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Article |

The Use of Surface Oximetry to Assess Bowel Viability

Robin Locke, MD; Carl J. Hauser, MD; William C. Shoemaker, MD
Arch Surg. 1984;119(11):1252-1256. doi:10.1001/archsurg.1984.01390230024005.
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• Tissue depends on perfusion, but tissue oxygenation measurements have been impractical. To develop a method for the clinical evaluation of bowel viability, we studied Po2 on the bowel surface (Pso2). The Pso2 was assessed on the stomach and intestine of 11 dogs. Normal small-bowel Pso2 was 44±11 mm Hg (mean ± SD). When bowel vasculature was interrupted Pso2 rapidly decreased. Reductions in Pso2 were related to the degree of ischemia produced. Anastomoses were performed on partially devascularized bowel to determine anastomotic viability at various levels of Pso2. The Pso2. measured just prior to anastomosis predicted viability of the anastomoses at 48 hours. Anastomoses below 30% of predevascularization Pso2 necrosed. Between 30% and 50%, one third of anastomoses leaked. At Pso2 values above 50% of initial normal value all anastomoses healed. Surface oximetry allows accurate intraoperative assessment of bowel perfusion.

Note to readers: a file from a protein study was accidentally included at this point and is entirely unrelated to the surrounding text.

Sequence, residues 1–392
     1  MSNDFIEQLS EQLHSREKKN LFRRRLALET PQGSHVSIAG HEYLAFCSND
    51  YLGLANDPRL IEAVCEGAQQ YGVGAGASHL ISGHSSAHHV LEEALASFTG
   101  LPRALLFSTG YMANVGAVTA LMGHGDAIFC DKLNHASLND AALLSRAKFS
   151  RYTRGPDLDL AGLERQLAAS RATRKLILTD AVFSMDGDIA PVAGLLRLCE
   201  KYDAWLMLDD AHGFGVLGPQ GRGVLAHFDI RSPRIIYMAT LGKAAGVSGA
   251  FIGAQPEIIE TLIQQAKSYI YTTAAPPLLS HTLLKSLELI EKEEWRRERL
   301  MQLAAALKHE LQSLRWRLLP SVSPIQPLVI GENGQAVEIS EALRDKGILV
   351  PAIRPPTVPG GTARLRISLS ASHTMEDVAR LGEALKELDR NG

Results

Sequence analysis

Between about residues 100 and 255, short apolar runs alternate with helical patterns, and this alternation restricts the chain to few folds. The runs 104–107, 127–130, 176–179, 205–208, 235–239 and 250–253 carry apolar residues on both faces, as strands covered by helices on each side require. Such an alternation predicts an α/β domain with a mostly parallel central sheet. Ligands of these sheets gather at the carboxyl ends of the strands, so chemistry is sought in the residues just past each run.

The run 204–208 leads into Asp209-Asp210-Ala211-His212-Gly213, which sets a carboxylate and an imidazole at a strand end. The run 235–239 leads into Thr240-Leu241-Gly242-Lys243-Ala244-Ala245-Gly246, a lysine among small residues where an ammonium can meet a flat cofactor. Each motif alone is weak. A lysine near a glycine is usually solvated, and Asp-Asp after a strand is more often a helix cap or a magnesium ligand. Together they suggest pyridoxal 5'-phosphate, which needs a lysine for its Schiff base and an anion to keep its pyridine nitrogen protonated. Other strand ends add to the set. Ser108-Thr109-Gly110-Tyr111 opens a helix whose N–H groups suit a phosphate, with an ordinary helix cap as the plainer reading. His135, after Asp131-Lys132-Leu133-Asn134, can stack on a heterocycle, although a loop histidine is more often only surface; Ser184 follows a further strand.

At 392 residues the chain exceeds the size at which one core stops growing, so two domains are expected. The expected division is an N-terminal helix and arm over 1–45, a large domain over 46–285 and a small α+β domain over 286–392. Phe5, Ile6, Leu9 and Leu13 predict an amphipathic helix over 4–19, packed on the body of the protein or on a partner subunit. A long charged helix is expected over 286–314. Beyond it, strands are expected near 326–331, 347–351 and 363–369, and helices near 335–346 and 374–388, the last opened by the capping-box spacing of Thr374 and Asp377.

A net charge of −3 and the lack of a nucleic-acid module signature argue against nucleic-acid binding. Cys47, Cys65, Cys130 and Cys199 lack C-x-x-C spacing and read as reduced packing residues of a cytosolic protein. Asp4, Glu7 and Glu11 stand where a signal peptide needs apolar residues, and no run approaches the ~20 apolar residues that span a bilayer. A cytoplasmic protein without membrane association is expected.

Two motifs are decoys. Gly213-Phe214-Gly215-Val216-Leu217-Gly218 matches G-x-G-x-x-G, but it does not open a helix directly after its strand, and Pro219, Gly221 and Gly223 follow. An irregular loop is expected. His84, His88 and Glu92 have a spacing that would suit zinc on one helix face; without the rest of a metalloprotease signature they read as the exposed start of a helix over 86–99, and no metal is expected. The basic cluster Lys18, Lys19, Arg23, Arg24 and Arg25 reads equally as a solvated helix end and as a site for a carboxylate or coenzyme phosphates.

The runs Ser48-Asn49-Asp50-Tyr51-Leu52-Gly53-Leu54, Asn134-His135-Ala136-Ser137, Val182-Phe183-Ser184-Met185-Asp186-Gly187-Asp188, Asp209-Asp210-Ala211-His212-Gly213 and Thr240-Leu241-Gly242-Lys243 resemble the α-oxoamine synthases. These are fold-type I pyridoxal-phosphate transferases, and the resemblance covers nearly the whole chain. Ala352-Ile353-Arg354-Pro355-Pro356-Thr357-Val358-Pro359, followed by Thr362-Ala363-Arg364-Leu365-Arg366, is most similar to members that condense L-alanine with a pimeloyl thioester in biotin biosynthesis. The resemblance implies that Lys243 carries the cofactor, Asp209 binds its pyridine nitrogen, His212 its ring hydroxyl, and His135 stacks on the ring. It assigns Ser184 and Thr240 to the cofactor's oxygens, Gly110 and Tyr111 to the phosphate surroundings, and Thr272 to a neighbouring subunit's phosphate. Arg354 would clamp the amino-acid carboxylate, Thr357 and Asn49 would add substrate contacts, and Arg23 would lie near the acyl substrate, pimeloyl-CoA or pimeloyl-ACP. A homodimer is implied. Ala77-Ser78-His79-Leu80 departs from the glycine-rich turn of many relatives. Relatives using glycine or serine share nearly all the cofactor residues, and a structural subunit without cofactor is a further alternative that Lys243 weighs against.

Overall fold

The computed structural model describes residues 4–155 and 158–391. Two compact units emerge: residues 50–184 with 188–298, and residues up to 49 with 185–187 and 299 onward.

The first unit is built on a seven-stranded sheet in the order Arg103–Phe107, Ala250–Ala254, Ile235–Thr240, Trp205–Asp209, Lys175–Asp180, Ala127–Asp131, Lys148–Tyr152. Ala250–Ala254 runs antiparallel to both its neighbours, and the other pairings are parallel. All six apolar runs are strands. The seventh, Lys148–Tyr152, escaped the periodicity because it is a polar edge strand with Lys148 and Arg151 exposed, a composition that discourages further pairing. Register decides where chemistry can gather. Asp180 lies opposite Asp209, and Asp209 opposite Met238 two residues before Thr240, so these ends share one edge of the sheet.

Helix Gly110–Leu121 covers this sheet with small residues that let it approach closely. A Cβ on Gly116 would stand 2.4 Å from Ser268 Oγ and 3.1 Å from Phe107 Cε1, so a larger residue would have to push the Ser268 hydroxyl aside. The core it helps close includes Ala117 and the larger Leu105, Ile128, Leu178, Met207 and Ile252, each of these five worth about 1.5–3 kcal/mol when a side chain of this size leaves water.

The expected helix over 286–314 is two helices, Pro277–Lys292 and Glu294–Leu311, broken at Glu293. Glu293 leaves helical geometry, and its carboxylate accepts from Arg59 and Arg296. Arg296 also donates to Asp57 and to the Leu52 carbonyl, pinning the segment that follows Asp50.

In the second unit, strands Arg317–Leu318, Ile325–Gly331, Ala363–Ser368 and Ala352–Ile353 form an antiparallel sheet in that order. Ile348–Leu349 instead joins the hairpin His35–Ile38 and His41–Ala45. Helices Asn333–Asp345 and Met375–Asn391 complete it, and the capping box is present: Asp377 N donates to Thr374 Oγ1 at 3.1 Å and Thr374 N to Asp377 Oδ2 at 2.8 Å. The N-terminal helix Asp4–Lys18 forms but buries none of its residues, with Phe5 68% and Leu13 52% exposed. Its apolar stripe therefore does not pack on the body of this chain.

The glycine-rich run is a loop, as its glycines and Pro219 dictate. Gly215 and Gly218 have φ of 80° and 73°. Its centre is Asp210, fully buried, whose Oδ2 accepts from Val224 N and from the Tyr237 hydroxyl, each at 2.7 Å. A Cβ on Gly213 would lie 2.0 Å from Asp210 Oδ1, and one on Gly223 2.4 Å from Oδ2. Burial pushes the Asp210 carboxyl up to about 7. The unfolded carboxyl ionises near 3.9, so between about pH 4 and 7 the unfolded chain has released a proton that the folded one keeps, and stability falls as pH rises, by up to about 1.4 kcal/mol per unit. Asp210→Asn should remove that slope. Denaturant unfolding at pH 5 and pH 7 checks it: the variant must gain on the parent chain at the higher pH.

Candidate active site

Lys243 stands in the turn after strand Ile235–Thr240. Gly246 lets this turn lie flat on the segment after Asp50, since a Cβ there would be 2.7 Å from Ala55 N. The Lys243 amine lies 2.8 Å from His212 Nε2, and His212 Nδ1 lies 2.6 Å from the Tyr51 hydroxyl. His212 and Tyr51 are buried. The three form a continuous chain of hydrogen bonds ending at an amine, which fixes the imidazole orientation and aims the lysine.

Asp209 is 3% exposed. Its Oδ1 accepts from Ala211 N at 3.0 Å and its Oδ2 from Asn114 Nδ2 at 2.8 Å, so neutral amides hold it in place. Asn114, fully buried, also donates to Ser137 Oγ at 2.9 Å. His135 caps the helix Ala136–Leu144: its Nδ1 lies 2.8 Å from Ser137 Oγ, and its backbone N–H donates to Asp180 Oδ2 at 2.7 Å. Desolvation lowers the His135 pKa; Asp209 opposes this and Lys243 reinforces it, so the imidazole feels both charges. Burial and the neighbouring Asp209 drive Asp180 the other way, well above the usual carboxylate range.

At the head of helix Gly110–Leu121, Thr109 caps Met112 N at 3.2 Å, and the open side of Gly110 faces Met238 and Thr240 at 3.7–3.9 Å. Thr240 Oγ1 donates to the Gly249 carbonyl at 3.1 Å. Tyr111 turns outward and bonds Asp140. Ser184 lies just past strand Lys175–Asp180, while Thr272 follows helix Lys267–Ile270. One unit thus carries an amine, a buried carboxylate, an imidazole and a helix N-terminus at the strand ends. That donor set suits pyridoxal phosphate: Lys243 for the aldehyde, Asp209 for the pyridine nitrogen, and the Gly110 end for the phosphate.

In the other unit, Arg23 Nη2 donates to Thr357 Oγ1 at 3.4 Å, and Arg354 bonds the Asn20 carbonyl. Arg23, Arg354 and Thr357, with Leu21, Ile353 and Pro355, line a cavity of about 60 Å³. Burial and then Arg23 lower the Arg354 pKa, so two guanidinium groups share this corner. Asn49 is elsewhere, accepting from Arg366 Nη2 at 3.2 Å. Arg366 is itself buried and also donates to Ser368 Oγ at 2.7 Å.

(Arch Surg 1984;119:1252-1256)


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